Retreat: Not an Option

In the midst of the raging culture wars and a sharply divisive political environment, Christians in America can often feel schizophrenic over how they should relate to our culture. Should the church retreat from the world and form Christian communities—tiny pockets of Christian civilization—or should the church remain embedded in the world while not taking on the ways of the world? These options have always been before the church in every age. What option does the Bible give us?

Evangelical Christians in general, and Baptists in particular, should not be surprised at the increasingly marginal state in which we find ourselves in our culture. Paul reminds us that we are living in this present evil age, and all who would live godly lives in Christ Jesus will suffer persecution. Living counterculturally as believers in the world not only reminds us that we must enter the Kingdom of God through much tribulation, but it also constantly challenges us to define what our primary role in society is as the church of the Lord Jesus Christ.

Israel in exile is a good model for understanding the place and role of the church in the world. God has embedded His people in cultures around the world in order to be salt and light and to shine as lights in the midst of a crooked and perverse generation. Jesus calls and sends the church to be sowers of Gospel seed in the field of the world. God does not call us to retreat but to engage.

The church in Jerusalem was scattered abroad after the stoning of Stephen and led to the advancement of the Gospel outside of Jerusalem. Both Peter and James wrote to the diaspora of Christian believers under their pastoral charge. The assumption of the writings of the New Testament is that local churches existed in cities and not Christian cultural enclaves. We are not called to geographical isolation from the world but daily engagement with the world through the Gospel of Jesus Christ, bearing witness to the Kingdom of God among the kingdom of humankind.

The church is not a place but a people. Why has there been temptation for Christians to retreat from society? I believe it is in part the failure of evangelical churches to live up to our collective calling to be what we are: a family and a fellowship, overcoming our cultural individualism by engaging life together as the people of God, equipping and being equipped to live godly lives in this ungodly age, and bearing witness to the Gospel in our neighborhoods, schools and workplaces. We are part of the fellowship of the Gospel, which means that we are a community that God has transformed through the Gospel and that is now responsible for being the agent of the Gospel to all nations.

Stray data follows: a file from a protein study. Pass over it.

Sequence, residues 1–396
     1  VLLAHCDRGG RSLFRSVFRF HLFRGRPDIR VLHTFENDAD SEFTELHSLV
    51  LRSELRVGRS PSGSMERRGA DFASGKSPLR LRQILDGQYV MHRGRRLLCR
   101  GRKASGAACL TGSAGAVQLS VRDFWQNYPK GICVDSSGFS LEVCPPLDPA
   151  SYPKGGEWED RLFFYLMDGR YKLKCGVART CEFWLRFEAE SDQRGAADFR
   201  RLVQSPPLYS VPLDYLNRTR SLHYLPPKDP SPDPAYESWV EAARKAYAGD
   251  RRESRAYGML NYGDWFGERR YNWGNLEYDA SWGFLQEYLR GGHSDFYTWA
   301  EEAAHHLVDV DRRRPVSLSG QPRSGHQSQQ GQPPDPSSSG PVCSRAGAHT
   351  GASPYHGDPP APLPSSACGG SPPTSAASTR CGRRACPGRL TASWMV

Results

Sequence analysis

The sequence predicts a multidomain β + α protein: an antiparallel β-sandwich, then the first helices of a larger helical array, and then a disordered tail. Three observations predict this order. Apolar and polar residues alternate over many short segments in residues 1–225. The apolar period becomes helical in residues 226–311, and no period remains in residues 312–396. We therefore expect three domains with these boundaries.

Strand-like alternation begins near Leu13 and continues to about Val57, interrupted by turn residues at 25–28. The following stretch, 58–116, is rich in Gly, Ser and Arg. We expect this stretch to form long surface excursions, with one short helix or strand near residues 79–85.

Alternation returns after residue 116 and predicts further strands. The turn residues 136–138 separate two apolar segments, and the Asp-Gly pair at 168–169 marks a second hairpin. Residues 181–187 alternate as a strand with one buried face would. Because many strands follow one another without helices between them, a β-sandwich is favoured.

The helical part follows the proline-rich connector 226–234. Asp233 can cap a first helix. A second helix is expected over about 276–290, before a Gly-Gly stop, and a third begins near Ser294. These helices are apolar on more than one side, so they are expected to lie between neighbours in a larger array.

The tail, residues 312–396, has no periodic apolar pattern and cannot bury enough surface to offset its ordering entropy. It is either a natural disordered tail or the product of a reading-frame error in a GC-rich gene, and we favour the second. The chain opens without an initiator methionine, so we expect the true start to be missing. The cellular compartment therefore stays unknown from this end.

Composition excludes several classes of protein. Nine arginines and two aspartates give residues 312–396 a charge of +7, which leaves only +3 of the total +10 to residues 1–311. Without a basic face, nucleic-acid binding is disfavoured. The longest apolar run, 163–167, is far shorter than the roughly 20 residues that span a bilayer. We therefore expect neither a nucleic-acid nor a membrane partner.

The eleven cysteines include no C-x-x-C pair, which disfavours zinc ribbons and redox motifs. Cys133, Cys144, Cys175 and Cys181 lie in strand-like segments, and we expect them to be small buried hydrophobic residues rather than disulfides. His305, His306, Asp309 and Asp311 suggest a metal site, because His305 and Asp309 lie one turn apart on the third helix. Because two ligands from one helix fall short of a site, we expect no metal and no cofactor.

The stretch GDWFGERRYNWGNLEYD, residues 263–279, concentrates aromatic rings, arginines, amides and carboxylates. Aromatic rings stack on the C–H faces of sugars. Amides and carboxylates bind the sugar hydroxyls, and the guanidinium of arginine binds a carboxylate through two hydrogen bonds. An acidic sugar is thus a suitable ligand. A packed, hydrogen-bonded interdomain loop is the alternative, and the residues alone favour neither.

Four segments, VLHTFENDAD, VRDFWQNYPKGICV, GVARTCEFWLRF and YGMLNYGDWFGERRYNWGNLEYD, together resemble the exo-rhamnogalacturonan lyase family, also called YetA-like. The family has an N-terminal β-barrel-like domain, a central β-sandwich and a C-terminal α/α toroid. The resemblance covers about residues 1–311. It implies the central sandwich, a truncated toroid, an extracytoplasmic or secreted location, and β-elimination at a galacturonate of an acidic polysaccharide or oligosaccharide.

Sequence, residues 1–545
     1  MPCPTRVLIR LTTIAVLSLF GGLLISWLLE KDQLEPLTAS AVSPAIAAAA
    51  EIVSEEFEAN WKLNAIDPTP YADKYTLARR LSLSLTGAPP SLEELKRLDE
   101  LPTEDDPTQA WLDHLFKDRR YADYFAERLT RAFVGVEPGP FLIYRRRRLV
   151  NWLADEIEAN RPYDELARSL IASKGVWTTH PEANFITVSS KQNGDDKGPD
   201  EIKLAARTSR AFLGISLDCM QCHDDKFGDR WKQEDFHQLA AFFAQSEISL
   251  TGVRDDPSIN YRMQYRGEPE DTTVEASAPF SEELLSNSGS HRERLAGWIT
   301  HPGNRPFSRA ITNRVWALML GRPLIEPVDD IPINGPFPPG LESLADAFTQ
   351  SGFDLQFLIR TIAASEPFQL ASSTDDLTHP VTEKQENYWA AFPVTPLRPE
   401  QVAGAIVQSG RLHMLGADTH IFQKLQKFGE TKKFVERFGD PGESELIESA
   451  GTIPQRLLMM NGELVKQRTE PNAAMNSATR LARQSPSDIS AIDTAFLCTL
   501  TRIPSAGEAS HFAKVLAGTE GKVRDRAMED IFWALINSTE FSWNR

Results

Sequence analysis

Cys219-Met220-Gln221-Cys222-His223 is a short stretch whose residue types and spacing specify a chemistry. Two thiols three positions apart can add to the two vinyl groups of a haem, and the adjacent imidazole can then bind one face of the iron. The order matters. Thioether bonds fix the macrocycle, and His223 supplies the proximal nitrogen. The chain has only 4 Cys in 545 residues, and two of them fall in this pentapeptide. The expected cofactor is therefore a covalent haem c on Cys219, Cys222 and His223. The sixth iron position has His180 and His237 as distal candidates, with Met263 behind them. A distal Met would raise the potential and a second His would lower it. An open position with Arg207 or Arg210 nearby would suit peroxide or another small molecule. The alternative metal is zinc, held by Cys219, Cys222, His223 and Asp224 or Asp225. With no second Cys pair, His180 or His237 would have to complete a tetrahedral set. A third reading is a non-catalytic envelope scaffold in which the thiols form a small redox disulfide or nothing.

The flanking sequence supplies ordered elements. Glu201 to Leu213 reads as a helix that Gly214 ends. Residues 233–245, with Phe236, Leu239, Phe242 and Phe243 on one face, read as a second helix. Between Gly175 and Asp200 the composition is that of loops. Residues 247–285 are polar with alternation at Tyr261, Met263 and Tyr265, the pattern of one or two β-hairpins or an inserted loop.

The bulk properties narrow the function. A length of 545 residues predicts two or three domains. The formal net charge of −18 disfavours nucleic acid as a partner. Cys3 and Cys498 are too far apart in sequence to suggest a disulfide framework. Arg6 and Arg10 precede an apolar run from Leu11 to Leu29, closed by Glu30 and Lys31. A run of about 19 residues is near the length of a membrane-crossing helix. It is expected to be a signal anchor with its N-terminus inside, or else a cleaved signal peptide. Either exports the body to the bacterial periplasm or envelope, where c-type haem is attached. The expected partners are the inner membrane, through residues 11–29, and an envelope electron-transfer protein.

Our options are defined by Christ’s commands. We are to live worthy of the Gospel, following the pattern of Christ’s love and sharing in the power of His resurrection and the fellowship of His sufferings. Christ commands His church to make disciples of all nations, a command that is undercut by Christian retreat. Making disciples of all nations involves the Holy Spirit’s empowering and sending of God’s people to the ends of the earth. God does not call His people to be concerned about self-preservation but to Gospel propagation. It is in the propagation of the Gospel that the church not only survives but thrives. Jesus said, “As the Father has sent me, even so I am sending you” (John 20:21). Christian travail in the world is a means God uses to advance the Gospel of Jesus Christ. Further insulating ourselves from unbelievers only undercuts the mission of the church.

In our time, we must return to the well of Scripture to refresh our understanding of the identity and role of the church. We are salt and light, a city set on a hill, and a holy priesthood tasked with the joy of proclaiming the excellencies of Him who has called us out of darkness into light. We are not called upon to preserve a mythic Christian civilization but to bear witness to the coming Kingdom of God through our individual and corporate lives together as the people of God. Such Kingdom witness calls upon believers to engage culture at all levels, not retreat from it.

John David Massey

John David Massey

Associate Professor of Missions at Southwestern Baptist Theological Seminary
Dr. Massey is an Associate Professor of Missions and teaches in the Roy Fish School of Evangelism and Missions. He is married to Vanessa.
Twitter: @jvmassey2
John David Massey

Latest posts by John David Massey (see all)